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Sunak promises Zelensky more military equipment for ‘Ukraine battlefield victory’

Sunak promises Zelensky more military equipment for ‘Ukraine battlefield victory’

Rishi Sunak promised Volodymyr Zelensky more military equipment from Britain in the coming months “to secure Ukraine’s victory on the battlefield”.
The Prime Minister also stressed the UK’s “long term” commitment to supporting Ukraine in its fight to defeat Vladimir Putin’s invasion launched more than ten months ago.

The two leaders spoke by phone on Tuesday after the Ukranian president braced his people for waves of drone attacks by Putin’s military to try to break their will to resist his invasion, and to destroy the country’s infrastructure including energy and water supplies.

After the talks, a Downing Street spokesperson said: “The Prime Minister spoke to the President of Ukraine, Volodymyr Zelensky, this afternoon.

“The leaders discussed the abhorrent drone attacks on Ukraine in recent days, and the Prime Minister said the thoughts of the UK were with the Ukrainian people as they continued to live under such bombardment.

“The Prime Minister said Ukraine could count on the UK to continue to support it for the long term, as demonstrated by the recent delivery of more than 1000 anti-air missiles.

“Work was also underway to provide further equipment in the coming weeks and months to secure Ukraine’s victory on the battlefield, the Prime Minister added.”

Mr Sunak stressed that the UK and Joint Expeditionary Force partners were “working closely to provide the vital equipment requested” by Kyiv.

The two leaders are due to speak again in coming weeks.

Mr Zelensky, whose forces rely heavily on weapons and other equipment provided by Western nations, also spoke with Dutch Prime Minister Mark Rutte on Tuesday.

“We agreed to intensify our efforts to bring victory closer this year already,” the Ukrainian president said on the Telegram messaging app of his call with Mr Sunak.

Russia has launched what have become nightly waves of drone attacks on Kyiv and other Ukrainian cities.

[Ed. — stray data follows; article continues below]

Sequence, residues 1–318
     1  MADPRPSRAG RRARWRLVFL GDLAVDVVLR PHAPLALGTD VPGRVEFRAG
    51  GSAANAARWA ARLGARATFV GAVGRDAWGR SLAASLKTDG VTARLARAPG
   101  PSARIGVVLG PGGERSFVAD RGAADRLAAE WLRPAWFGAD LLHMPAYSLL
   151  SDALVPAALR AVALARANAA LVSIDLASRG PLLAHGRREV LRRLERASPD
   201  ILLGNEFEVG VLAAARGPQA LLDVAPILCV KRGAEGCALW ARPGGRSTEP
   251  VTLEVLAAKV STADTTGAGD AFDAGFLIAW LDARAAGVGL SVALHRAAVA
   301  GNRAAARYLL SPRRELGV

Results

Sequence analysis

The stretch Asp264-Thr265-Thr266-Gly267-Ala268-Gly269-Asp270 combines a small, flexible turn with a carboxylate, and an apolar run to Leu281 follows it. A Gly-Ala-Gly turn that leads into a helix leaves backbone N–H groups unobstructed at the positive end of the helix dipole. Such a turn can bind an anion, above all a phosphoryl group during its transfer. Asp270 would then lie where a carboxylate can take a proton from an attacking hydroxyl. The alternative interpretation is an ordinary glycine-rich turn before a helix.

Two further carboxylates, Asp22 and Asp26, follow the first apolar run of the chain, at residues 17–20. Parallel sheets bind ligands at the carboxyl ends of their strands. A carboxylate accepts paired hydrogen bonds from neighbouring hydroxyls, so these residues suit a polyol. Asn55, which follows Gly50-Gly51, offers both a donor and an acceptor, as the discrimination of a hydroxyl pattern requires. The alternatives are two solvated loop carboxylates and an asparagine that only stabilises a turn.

Mr Zelensky said in his nightly video address that the attacks were aimed at "exhausting our people, our anti-aircraft defences, our energy".

Ukrainian air force spokesperson Yuriy Ihnat told Ukrainian TV that 84 drones had been shot down in two Russian attacks since the New Year.

Ukraine's armed forces are organising mobile groups to hunt them down, using jeeps and other vehicles equipped with anti-aircraft machine guns and searchlights, Mr Ihnat said.

Russia, which invaded Ukraine on February 24 last year, has increasingly resorted to mass air strikes against Ukrainian cities after suffering defeats on the battlefield in the second half of 2022.

The Kremlin denies that the Russian military is targeting civilians but cities, towns and villages have come under heavy shelling and air attacks.

Tens of thousands of civilians are reported to have been killed in Putin’s war.

Ukrainian officials said Russia had struck Ukraine-controlled parts of the Donetsk region on Monday, hitting the village of Yakovlivka, the city of Kramatorsk and destroying an ice rink in Druzhkivka.

The governor of Ukraine's Luhansk region, which along with neighbouring Donetsk forms the industrial Donbas claimed by Moscow, said on Tuesday Ukrainian forces had made steady advances in the direction of Russian-held Svatove and Kreminna.

Meanwhile, Russian nationalists and some lawmakers have demanded punishment for commanders they accused of ignoring dangers as anger grew over the killing of dozens of Russian soldiers in one of the deadliest strikes of the Ukraine conflict.

In a rare disclosure, Russia's defence ministry said 63 soldiers were killed in the Ukrainian strike on New Year's Eve that destroyed a temporary barracks in a vocational college in Makiivka, twin city of the Russian-occupied regional capital of Donetsk in eastern Ukraine.

Russian critics said the soldiers were being housed alongside an ammunition dump at the site, which the Russian defence ministry said was hit by four rockets fired from US-made HIMARS launchers.

TV footage showed a huge building reduced to rubble as cranes and bulldozers picked through concrete debris lying several feet deep.

Ukraine and some Russian nationalist bloggers have put the Makiivka death toll in the hundreds, though pro-Russian officials say those estimates are exaggerated.

Russia’s Defence Ministry on Tuesday announced several offensives, including strikes launched by Russian Aerospace Forces that it claimed had killed more than 130 foreign mercenaries in Donetsk.

It said missile and air strikes launched at a “hardware concentration” near Druzhkivka railway station in Donetsk had killed “up to” 120 Ukrainian personnel, destroyed two HIMARS launchers and more than 800 rockets.
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